Saturday, April 26, 2008
Mickey Factz In Spin Magazine
Hip-hop is not without its unique ironies: Who could have guessed that one of today’s most self-consciously futuristic artists would hail from the storied borough of the Bronx, where the music was born, way back in our 1970s Kodachrome past? The coincidence is not lost on Mickey Factz.
“I’d like to think I’m everything that Afrika Bambaataa would’ve envisioned hip-hop to be in 2008, 2016, or 2030,” says the lanky 22-year-old former paralegal. A lofty ideal, but Factz’s thoughtful, easygoing manner is far from arrogant; what’s more, he’s got the neighborhood bona fides to back up his claim to be the famed hip-hop forefather’s progeny. He attended Bambaataa alma mater Adlai E. Stevenson High School in the East Bronx, which also counts MCs Remy Martin and Drag-On as alumni. The experience was formative for the tricky lyricist and fashion plate, who fiends for kaleidoscopic skater streetwear.
“It was the competition,” says Factz, slouched on a leather couch in a Lower Manhattan restaurant. “A lot of other schools came to ours to battle. Big Pun came by to check us out. If you were somebody in the Bronx, you had to have stomped through Stevenson at least once or twice.” Like Bambaataa, Factz — who grew up on gospel and then graduated to hip-hop as a teen — dismisses the usual musical boundaries. “I want a cross-pollination of all genres, from electro to techno to pop to rock, because the urban communities aren’t listening to just Jay-Z anymore,” he explains. “They’re listening to Linkin Park, Spank Rock, the Cool Kids, Kid Sister, and Panic at the Disco.”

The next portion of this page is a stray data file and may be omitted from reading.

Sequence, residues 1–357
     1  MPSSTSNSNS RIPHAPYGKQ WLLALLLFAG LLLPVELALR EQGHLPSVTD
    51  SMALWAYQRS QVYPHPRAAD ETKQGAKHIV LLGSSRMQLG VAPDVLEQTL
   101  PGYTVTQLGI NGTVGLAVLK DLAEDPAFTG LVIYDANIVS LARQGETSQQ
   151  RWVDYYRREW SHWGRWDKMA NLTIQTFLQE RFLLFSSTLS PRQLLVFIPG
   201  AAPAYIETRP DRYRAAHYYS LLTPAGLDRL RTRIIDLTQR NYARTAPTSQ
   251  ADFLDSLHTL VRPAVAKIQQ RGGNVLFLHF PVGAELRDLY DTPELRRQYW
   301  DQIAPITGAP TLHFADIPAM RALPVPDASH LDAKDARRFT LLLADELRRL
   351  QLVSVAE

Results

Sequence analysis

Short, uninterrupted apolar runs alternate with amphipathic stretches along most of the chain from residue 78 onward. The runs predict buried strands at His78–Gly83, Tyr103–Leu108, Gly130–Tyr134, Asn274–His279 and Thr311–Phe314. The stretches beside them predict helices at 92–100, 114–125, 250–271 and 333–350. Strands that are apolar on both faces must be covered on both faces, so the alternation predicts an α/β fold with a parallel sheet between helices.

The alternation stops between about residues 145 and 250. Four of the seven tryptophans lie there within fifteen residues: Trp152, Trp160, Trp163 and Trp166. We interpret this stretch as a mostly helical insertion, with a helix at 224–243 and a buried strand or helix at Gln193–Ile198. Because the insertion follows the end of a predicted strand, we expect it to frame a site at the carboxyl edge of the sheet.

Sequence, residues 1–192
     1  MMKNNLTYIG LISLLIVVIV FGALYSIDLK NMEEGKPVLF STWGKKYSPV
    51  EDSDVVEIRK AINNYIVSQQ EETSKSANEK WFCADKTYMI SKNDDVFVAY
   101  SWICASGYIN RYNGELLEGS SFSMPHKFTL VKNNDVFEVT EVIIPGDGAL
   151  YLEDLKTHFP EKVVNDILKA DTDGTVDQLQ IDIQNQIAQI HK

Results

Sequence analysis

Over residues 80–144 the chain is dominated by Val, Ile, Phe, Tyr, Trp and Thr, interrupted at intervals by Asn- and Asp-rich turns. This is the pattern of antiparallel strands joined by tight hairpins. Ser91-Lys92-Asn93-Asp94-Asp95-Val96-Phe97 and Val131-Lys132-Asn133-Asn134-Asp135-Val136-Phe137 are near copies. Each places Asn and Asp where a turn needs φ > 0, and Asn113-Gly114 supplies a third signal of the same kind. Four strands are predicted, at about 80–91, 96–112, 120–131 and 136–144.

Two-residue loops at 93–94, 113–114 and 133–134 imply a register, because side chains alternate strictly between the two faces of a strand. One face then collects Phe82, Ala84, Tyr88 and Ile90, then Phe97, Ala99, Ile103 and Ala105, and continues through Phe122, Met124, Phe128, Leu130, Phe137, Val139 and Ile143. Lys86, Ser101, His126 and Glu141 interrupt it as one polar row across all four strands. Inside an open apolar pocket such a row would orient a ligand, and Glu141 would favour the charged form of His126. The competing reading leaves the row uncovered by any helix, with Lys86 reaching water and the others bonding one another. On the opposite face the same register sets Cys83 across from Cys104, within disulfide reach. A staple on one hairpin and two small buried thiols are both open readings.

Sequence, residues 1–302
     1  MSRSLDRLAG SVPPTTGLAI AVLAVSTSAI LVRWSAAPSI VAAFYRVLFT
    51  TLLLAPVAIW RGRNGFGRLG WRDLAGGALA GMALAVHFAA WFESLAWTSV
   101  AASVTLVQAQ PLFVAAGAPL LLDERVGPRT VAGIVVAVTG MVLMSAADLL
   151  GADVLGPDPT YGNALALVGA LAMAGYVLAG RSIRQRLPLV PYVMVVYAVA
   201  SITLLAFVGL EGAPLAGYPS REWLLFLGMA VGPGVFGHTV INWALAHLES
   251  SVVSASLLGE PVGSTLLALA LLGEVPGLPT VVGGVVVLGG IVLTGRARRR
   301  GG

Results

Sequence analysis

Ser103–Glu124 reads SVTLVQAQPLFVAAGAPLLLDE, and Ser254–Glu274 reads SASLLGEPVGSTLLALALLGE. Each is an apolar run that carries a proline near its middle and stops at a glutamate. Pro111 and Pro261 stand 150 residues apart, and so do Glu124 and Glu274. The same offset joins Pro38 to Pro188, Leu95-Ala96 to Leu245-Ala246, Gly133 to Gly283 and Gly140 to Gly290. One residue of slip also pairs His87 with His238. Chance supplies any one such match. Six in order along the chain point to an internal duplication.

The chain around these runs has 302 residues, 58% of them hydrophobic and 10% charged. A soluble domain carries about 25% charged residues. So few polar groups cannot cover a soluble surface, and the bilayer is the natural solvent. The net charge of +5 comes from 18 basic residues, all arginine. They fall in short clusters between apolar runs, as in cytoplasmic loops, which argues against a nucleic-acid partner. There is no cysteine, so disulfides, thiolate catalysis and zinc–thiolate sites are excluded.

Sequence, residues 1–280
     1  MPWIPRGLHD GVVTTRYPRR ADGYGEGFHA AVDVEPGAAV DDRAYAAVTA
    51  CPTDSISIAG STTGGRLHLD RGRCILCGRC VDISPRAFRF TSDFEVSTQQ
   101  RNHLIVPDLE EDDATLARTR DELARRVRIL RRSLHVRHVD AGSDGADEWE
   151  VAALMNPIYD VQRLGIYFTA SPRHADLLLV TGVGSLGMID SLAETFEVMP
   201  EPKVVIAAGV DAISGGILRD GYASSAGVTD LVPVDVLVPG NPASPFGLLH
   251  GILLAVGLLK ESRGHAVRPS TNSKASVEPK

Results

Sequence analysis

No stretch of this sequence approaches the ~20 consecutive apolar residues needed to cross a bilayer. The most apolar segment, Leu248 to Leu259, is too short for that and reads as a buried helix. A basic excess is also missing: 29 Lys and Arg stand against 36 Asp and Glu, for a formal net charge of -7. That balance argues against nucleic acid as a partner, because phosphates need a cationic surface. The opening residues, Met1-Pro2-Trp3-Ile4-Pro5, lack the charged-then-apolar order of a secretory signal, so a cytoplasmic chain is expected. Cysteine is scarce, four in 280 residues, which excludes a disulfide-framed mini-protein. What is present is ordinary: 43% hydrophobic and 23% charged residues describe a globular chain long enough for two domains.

Factz’s 2007 mix tape Heaven’s Fallout demonstrated that eclectic curatorial taste. Few rappers would rhyme over tracks from the Prodigy, Röyksopp, and Mark Mothersbaugh’s score for The Life Aquatic With Steve Zissou; fewer still possess such a presence and versatility so early in their career. On the Internet-only song “I’m Sean (50 Shots More),” Factz raps from the perspective of Sean Bell, an unarmed man killed by New York police in 2006. But he also jokes about being “too Zoolander for ‘em.”
“I’m just trying to have a good time while bringing a little bit of positivity back,” he says, grinning. And what could be more old-school B-boy than that?
Factz’s name derives partially from Natural Born Killers character Mickey Knox: “Mickey loves Mallory Knox and would do anything for her. Hip-hop is my Mallory. And facts are all I try to talk about.”
Factz was suspended from high school for inciting a riot during an MC battle. Later, the principal invited him to rap over the school’s loudspeaker.